Please Note: This article is written for users of the following Microsoft Word versions: 2007, 2010, 2013, and 2016. If you are using an earlier version (Word 2003 or earlier), this tip may not work for you. For a version of this tip written specifically for earlier versions of Word, click here: Creating a Table of Contents from Heading Levels.

Creating a Table of Contents from Heading Levels

by Allen Wyatt
(last updated July 1, 2017)

If you are writing a long document or a book, you may want to create a Table of Contents (TOC) for your document. The easiest way to create a TOC is to use heading levels, as defined by the Word styles. To do this, follow these steps:

  1. Position the insertion point where you want the TOC inserted.
  2. Display the References tab of the ribbon.
  3. Click Table of Contents in the Table of Contents group. Word displays a drop-down list of TOC options.
  4. Choose Insert Table of Contents. Word displays the Table of Contents tab of the Table of Contents dialog box. (See Figure 1.)
  5. Figure 1. The Table of Contents tab of the Table of Contents dialog box.

  6. Make sure that the Formats drop-down list is set to From Template.
  7. Using the Show Levels control, specify how many heading levels should be included in the TOC.
  8. Click on OK.

Note, again, that this process creates a TOC based on heading levels within your document. This means that your document must use heading styles throughout it. (Heading styles are named "Heading 1," "Heading 2," etc.) If you apply these as you are creating your document—or if you go back and apply the styles later—then creating the TOC is a snap, as described above.

WordTips is your source for cost-effective Microsoft Word training. (Microsoft Word is the most popular word processing software in the world.) This tip (5950) applies to Microsoft Word 2007, 2010, 2013, and 2016. You can find a version of this tip for the older menu interface of Word here: Creating a Table of Contents from Heading Levels.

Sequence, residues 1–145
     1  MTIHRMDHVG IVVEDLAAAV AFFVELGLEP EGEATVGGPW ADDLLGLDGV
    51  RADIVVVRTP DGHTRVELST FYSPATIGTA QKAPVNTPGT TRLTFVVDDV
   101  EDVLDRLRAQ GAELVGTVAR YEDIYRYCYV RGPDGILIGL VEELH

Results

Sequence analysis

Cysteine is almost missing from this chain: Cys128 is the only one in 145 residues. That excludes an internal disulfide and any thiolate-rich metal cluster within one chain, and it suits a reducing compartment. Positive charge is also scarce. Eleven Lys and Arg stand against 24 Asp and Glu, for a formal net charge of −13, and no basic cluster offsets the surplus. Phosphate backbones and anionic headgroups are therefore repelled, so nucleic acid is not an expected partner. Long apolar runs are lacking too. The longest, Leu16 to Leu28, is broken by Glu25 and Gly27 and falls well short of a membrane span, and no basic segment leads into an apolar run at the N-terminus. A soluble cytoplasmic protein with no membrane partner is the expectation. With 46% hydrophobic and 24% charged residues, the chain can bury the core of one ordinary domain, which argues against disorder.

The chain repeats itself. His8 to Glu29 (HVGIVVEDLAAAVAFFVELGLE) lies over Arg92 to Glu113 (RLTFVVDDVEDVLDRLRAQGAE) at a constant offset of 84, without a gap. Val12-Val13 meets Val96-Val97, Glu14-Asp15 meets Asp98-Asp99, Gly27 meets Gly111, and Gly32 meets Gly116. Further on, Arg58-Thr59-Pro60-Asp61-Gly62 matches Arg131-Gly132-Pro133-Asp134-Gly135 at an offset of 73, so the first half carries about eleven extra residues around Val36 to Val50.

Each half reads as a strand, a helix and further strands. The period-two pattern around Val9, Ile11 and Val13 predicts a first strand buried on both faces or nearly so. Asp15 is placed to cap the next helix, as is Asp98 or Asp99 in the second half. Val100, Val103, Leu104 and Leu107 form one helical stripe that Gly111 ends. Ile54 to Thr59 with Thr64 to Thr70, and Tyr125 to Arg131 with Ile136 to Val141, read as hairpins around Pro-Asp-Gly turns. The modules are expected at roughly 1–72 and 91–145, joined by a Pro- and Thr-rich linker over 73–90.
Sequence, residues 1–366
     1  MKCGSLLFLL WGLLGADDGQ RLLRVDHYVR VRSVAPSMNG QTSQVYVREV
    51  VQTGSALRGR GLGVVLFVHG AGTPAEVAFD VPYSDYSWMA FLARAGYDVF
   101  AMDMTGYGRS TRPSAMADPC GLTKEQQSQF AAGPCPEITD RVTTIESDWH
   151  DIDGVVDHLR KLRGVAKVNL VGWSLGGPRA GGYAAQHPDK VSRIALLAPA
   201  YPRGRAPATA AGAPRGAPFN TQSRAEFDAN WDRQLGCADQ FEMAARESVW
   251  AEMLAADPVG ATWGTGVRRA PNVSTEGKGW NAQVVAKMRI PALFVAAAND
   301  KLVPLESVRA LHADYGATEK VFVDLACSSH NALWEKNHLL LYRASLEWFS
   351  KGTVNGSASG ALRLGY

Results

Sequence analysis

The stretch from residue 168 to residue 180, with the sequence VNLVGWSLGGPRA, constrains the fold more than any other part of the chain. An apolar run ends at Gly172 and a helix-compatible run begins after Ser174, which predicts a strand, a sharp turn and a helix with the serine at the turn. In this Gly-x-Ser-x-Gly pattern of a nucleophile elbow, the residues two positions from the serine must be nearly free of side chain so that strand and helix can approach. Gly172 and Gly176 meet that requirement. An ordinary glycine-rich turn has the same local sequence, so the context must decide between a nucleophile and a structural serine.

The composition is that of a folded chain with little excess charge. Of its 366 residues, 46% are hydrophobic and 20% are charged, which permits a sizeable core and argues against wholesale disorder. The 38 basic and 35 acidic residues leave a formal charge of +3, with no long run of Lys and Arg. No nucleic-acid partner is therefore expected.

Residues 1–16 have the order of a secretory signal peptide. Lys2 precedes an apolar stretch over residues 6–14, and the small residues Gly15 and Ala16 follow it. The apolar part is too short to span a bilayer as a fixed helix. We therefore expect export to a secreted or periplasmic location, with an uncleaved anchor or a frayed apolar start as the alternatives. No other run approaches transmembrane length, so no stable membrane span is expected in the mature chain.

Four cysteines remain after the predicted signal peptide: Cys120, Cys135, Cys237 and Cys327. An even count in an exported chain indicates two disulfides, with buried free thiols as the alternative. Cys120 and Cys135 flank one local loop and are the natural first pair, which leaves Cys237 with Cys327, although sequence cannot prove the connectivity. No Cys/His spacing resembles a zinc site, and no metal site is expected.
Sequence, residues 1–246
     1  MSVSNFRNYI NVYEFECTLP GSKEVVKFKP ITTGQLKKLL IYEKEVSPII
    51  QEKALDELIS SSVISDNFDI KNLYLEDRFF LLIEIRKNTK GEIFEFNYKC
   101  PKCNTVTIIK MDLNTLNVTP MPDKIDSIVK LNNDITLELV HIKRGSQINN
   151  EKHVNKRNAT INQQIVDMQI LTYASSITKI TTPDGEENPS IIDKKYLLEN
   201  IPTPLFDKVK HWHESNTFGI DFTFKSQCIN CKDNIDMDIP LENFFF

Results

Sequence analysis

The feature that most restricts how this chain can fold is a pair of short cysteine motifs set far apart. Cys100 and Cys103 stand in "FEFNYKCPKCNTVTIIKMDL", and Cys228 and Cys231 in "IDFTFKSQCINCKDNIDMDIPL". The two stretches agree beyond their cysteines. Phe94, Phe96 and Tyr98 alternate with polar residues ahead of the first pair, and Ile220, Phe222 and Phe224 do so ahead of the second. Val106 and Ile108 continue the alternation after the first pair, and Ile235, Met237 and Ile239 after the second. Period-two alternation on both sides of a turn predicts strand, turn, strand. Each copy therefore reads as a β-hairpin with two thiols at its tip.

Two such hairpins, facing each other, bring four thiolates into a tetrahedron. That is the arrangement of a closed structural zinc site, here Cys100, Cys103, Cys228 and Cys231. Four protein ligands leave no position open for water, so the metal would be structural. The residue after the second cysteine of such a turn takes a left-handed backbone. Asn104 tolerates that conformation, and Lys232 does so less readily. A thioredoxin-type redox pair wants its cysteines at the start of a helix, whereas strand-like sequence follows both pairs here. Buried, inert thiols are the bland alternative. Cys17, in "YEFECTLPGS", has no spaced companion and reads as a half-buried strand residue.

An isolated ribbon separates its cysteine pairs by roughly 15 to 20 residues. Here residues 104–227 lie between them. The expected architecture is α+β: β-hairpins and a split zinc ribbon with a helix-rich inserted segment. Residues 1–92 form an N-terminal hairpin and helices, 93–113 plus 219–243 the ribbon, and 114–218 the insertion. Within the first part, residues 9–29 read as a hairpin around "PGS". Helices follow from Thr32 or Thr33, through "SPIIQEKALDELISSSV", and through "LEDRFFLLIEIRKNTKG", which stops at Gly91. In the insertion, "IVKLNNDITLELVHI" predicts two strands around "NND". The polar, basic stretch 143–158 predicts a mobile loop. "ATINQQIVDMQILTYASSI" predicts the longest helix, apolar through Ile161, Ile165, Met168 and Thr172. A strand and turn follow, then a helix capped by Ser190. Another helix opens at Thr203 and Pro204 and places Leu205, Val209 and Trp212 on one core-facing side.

Author Bio

Allen Wyatt

With more than 50 non-fiction books and numerous magazine articles to his credit, Allen Wyatt is an internationally recognized author. He is president of Sharon Parq Associates, a computer and publishing services company. ...

MORE FROM ALLEN

Strikethrough Shortcut Key

One common type of formatting is strikethrough, which is normally applied from the Font dialog box. There is no built-in ...

Discover More

Clearing the Contents of a Table

Want to get rid of information within a table, but not the table itself? Here's a guide to understanding the effects that ...

Discover More

Matching Formatting when Concatenating

Convert a numeric value to text and you may be surprised by how Excel displays the value. Here's a run-down on exactly ...

Discover More

Do More in Less Time! Are you ready to harness the full power of Word 2013 to create professional documents? In this comprehensive guide you'll learn the skills and techniques for efficiently building the documents you need for your professional and your personal life. Check out Word 2013 In Depth today!

More WordTips (ribbon)

Two-Line Headings in a TOC

If you use the TC field to mark what goes in a TOC, you may wonder why if you mark two lines together with the field they ...

Discover More

Specifying a Table of Contents Entry

If you need to create a specialized table of contents, you need to know how to add TOC entries to your document. It's ...

Discover More

Jumping Back to the TOC

Word allows you to create a table of contents that provides hyperlinks to headings within your document. It doesn't make ...

Discover More
Subscribe

FREE SERVICE: Get tips like this every week in WordTips, a free productivity newsletter. Enter your address and click "Subscribe."

View most recent newsletter.

Comments

If you would like to add an image to your comment (not an avatar, but an image to help in making the point of your comment), include the characters [{fig}] in your comment text. You’ll be prompted to upload your image when you submit the comment. Maximum image size is 6Mpixels. Images larger than 600px wide or 1000px tall will be reduced. Up to three images may be included in a comment. All images are subject to review. Commenting privileges may be curtailed if inappropriate images are posted.

What is eight minus 8?

There are currently no comments for this tip. (Be the first to leave your comment—just use the simple form above!)


This Site

Got a version of Word that uses the ribbon interface (Word 2007 or later)? This site is for you! If you use an earlier version of Word, visit our WordTips site focusing on the menu interface.

Newest Tips
Subscribe

FREE SERVICE: Get tips like this every week in WordTips, a free productivity newsletter. Enter your address and click "Subscribe."

(Your e-mail address is not shared with anyone, ever.)

View the most recent newsletter.